Diverging Approach: Orange and Silver

Happy Halloween! In addition to tricks and treats, today marks the 25th anniversary of the opening of the CTA Orange Line. Like all birthdays after a certain age, this one is bittersweet: it’s great that Chicago has been able to boast rapid transit connections to two airports, but it’s also a bit depressing that the Orange Line represents the most recent actual expansion of the ‘L’. (The Pink Line was formed in 2006 using existing parts of the Green Line, the Blue Line, and a reconstructed non-revenue track called the Paulina Connector.) The Orange Line is unique: it’s the CTA’s first ‘L’ expansion that didn’t run in the median of an expressway since the expressway network was built in the 1950s and 1960s, although early plans did call for a rapid transit line in the median of the Stevenson Expressway.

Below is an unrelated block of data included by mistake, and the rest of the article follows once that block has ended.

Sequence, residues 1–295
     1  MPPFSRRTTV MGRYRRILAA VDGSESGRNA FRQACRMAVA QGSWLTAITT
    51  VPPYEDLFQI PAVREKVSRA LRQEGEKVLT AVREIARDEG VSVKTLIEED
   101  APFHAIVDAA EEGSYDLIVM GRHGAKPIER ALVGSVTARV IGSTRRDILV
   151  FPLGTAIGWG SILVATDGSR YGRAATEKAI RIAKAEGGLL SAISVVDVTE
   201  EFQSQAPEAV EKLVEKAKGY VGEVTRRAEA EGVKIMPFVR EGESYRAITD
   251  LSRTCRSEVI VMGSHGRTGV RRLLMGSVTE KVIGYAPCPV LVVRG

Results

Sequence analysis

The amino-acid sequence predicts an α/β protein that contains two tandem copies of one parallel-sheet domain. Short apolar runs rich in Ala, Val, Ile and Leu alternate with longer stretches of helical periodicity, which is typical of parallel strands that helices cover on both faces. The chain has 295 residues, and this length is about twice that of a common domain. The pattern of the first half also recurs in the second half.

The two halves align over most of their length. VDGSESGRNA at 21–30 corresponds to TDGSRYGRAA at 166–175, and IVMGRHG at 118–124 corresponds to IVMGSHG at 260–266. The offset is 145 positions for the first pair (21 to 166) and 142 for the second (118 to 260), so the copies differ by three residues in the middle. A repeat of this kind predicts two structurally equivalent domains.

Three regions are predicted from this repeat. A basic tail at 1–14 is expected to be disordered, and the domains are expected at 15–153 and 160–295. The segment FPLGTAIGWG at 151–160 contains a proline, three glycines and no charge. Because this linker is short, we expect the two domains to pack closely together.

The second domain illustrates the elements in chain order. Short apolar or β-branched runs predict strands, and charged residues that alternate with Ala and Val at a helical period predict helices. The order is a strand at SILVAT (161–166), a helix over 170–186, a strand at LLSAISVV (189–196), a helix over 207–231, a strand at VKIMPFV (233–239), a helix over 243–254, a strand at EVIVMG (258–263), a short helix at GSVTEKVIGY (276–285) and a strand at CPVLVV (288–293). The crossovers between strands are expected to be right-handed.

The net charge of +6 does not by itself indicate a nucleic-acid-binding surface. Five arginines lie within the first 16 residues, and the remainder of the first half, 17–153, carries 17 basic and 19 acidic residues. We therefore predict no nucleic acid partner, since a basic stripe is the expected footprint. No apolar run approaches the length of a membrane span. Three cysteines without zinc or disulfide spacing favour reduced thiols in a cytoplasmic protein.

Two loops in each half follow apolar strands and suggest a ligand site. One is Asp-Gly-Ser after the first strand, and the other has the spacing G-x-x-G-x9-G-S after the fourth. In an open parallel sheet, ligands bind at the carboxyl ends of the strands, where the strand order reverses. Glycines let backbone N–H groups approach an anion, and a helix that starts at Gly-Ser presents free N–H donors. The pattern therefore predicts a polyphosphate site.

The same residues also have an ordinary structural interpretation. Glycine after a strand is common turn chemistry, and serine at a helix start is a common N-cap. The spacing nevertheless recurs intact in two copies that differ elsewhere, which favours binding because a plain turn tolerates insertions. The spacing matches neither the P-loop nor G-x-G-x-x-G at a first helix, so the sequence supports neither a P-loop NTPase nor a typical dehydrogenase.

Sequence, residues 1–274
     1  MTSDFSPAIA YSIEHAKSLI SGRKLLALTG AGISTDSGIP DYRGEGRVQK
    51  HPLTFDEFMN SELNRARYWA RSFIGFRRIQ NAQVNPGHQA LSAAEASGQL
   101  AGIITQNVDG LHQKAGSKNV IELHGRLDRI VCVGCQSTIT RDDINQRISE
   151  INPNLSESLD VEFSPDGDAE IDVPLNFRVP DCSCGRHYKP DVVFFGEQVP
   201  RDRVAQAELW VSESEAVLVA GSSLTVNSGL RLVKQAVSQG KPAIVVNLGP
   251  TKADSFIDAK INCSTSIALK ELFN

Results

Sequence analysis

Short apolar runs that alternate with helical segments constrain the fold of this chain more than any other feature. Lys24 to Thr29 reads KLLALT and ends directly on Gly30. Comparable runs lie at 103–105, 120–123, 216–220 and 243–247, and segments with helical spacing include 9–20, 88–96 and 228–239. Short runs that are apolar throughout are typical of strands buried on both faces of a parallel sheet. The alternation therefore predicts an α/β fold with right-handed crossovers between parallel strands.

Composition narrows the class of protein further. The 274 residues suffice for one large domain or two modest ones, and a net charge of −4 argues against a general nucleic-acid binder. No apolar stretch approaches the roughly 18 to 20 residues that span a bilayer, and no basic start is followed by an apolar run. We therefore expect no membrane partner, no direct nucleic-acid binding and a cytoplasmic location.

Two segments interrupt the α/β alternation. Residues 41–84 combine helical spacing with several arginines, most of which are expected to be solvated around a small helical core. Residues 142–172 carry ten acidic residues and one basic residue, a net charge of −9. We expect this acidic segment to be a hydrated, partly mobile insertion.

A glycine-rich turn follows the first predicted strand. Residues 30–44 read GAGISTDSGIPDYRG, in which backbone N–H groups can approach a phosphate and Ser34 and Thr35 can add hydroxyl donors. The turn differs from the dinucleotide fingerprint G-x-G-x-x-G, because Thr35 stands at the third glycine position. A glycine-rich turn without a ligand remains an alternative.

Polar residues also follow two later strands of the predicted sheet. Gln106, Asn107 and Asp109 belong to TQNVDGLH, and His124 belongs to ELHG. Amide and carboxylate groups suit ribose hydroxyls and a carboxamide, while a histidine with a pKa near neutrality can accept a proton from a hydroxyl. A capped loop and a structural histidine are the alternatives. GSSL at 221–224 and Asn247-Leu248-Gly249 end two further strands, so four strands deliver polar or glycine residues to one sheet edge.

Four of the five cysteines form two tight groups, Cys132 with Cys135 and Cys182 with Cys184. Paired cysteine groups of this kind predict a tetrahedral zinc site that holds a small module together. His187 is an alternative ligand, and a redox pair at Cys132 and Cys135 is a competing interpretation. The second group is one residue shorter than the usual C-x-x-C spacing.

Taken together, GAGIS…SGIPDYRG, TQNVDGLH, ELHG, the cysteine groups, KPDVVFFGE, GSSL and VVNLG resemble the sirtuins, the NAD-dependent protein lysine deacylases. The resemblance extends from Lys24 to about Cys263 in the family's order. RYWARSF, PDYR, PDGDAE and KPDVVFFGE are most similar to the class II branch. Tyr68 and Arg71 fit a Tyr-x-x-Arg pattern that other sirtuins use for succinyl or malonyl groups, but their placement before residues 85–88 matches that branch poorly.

The history of the Orange Line is a curious one, with a significant amount of its funding provided by the killed Crosstown Expressway project. In 1972, Governor Richard Ogilvie campaigned for re-election heavily on making the Crosstown come to fruition; he lost 51%-49% to Dan Walker, who campaigned to kill the Crosstown.  (While a single highway project generally isn’t enough to swing a governor’s race especially after Ogilvie pushed through Illinois’s first state income tax, given how close Walker’s margin of victory was and how many Illinois voters are concentrated in Chicago and Cook County, it’s not unreasonable to consider the Crosstown being a decisive issue in the race.) The final nail in the coffin for the Crosstown came with the election of anti-Crosstown Chicago Mayor Jane Byrne in 1979 (who, coincidentally, also won by a 51%-49% margin). Mayor Byrne led the charge to use funds for the Crosstown to expand rapid transit to the Southwest Side, although the funds wouldn’t be designated as such until 1986 when Congressman William Lipinski called in a favor from President Reagan after Lipinski voted to support aiding the Contras in Nicaragua. Mayor Byrne also used some of the Crosstown money to extend the Blue Line to O’Hare, although she also reportedly pressured the CTA to build the extension to go straight into the terminals rather than leave space for a future extension (like at Midway) in order to expedite construction before the mayoral election. Mayor Harold Washington ended up cutting the ribbon on the O’Hare extension anyway.